Experts warn of a new wave of emigration

  • 2009-04-22
  • By Deimante Doksaite

With the economic situation continuing to decline, many are seeking their fortunes abroad.

VILNIUS - Experts on emigration have warned that the economic downturn is spurring a new wave of emigration from Lithuania. Leaving the country to start a new life abroad is increasingly appealing to more than just first time emigres 's repeat emigrants are also leaving with greater frequency.
 The fact that Western countries are also suffering from the economic crisis does not seem to be stymieing the new wave of Lithuanian emigration, experts say.

At the beginning of the year, the Lithuanian Public Policy and Management Institute conducted a study about the newest trends in economic emigration from Lithuania.

The survey revealed that at least one-third of emigrants intend to return to Lithuania, but not any earlier than 2011. On the other hand, almost 40 percent of returnees would like to emigrate again in the future.
"The longer people live abroad, the weaker is the temptation to return. It is important that the return migration continues and grows in intensity. According to participants of our survey, outside of personal reasons, the improvement of the economic situation and standard of living would be the main factors encouraging them to return," said Dovile Zvalionyte, co-author of the survey.

"But the biggest barrier which hinders return is the high level of corruption and bureaucracy, as well as the uncertain economic prospects and political situation in Lithuania," Zvalionyte said.
The authors of the study say it is an important complement to pre-existing sources of information about Lithuanian emigration. The study, however, is the first attempt to analyze repeated emigration.

The research also revealed the fact that the state's re-emigration policy has not yet had a big influence 's although 70 percent of emigrants maintain a relationship with Lithuania, only 10 percent believe that the connection is the result of the Lithuanian government's efforts. However, one third of emigrants stated that an active public policy would encourage them to return.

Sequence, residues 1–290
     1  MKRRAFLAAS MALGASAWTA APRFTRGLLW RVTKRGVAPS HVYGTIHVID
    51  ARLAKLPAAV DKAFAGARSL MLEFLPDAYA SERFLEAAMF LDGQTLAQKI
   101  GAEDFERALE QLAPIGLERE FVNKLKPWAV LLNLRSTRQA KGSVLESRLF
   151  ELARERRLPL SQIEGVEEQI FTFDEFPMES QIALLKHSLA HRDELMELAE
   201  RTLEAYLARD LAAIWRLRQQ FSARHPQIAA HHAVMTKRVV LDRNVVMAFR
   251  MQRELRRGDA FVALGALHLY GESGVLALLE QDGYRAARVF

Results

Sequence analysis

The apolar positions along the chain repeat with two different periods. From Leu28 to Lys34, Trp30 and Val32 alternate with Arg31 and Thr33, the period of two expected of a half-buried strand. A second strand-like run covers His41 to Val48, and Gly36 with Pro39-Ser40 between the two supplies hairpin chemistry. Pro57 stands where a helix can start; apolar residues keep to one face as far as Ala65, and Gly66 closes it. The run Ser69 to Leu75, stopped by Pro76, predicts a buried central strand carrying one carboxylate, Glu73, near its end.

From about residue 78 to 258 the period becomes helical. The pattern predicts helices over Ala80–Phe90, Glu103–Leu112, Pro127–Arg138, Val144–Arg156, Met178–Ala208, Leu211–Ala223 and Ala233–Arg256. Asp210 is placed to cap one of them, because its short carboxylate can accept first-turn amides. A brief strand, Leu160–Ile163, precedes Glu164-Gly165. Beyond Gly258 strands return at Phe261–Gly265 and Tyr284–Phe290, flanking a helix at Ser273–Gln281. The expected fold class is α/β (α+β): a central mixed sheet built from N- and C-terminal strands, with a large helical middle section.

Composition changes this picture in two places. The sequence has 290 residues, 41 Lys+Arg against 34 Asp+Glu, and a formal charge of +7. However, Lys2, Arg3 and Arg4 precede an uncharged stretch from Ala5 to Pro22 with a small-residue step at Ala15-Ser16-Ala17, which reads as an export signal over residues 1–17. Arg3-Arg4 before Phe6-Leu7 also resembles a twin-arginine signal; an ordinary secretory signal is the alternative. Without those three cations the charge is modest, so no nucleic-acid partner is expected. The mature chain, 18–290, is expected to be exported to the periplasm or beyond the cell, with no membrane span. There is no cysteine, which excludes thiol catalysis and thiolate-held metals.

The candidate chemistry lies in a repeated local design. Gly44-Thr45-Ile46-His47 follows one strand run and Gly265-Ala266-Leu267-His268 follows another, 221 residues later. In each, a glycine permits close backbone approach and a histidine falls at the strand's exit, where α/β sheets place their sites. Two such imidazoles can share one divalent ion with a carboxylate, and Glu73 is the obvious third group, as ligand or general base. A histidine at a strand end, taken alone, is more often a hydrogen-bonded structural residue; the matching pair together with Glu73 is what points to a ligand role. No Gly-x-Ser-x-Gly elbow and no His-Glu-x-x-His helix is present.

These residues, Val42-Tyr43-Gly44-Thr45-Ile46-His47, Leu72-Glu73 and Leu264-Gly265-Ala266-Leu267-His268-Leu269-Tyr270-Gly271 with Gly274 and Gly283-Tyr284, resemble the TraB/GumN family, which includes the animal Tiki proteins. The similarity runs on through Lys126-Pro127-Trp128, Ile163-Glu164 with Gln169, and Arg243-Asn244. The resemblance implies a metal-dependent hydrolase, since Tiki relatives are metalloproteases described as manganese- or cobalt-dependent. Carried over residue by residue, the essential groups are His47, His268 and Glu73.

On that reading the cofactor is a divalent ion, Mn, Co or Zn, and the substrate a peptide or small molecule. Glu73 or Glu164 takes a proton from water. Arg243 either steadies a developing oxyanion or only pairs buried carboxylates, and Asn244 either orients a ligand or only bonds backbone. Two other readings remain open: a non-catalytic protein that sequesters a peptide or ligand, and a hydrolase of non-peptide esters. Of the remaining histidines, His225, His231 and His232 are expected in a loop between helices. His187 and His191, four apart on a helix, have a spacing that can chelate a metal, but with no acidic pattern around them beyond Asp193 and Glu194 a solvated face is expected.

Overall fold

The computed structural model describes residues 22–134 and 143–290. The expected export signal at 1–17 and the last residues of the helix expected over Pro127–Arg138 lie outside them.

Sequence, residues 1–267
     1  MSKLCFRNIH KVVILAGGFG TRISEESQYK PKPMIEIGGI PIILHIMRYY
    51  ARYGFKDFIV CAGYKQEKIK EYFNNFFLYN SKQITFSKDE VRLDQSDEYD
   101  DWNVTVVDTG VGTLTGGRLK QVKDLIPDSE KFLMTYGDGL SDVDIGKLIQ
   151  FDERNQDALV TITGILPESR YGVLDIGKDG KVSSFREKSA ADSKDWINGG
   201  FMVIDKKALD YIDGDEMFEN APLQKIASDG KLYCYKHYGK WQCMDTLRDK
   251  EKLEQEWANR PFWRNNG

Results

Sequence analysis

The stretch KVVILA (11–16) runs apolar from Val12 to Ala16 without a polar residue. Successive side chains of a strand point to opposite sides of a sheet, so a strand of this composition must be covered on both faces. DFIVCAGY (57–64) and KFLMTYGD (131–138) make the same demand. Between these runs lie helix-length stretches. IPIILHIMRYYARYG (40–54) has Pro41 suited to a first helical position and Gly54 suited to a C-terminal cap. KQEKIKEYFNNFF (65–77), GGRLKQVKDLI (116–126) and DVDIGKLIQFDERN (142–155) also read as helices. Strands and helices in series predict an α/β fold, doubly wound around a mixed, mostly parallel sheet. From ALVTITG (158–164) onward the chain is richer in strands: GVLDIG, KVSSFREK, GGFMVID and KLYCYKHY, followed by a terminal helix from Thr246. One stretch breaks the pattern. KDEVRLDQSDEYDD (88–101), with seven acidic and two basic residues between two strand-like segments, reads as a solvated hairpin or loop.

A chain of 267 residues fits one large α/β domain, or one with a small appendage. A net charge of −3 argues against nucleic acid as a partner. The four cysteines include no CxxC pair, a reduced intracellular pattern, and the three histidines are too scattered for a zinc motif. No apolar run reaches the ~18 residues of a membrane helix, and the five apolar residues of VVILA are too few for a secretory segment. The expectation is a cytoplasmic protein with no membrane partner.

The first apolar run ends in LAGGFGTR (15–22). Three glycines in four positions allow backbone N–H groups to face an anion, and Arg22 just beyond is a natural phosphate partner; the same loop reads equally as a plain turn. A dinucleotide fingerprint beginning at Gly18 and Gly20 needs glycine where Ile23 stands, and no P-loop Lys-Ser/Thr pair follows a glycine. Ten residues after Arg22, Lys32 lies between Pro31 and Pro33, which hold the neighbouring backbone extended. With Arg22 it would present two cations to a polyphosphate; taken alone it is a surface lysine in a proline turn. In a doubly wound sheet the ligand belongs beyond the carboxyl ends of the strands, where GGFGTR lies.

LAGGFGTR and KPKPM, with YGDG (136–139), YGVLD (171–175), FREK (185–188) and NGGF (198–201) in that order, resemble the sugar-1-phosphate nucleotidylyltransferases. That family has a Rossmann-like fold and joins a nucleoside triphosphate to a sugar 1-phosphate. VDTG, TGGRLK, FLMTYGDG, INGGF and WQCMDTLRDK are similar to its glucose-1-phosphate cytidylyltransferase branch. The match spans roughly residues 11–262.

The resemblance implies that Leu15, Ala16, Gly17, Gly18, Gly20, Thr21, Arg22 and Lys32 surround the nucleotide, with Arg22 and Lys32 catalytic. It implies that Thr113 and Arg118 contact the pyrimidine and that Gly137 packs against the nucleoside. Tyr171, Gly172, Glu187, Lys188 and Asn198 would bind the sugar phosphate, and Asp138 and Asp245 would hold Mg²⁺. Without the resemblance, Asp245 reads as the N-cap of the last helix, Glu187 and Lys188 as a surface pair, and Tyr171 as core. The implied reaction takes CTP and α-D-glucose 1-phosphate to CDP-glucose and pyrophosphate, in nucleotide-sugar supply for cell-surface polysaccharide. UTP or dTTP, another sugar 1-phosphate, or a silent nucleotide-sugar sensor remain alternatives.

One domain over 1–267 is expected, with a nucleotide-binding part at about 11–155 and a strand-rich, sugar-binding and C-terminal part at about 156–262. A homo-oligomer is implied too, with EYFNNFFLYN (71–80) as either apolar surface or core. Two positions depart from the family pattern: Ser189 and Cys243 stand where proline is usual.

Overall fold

According to the principal investigator of the survey, Egidijus Barcevicius, the economic downturn should not be a sufficient reason to stop the state programs that encourage a return to the homeland.
"In our opinion, in this case, we should pay more attention to certain values, not economic or utilitarian arguments. Therefore, we propose that the goals of the state on the question of migration should be based on this approach: the state encourages citizens to create their own wealth at home, but recognizes their right to leave and return. It is understandable that the citizens are looking for possibilities to realize themselves and their skills in the best way and then obtain a sufficient reward for that," Barcevicius said.

"If you manage to make it abroad, but not in Lithuania, this choice must be respected. The state should pursue these two most important things. First: to keep relations as close as possible with those who left and to help them feel a part of some kind of 'global Lithuania.' Second: if emigrants decide to return, the state should assist them with information, etc," he said.

The survey by the Public Policy and Management Institute, and other similar studies done in the past, show that 80's90 percent of Lithuanians have relatives or friends living abroad.
But Zvalionyte said the survey revealed that not as large a number of Lithuanians live abroad as is popularly believed 's various sources claim that about half a million Lithuanians emigrated after the state regained independence.

Zvalionyte said the true number could be half as large, at about 250,000 people. She explains this discrepancy with the observation that before this survey everybody was counting just those who left, but "forgot" to count those who came back.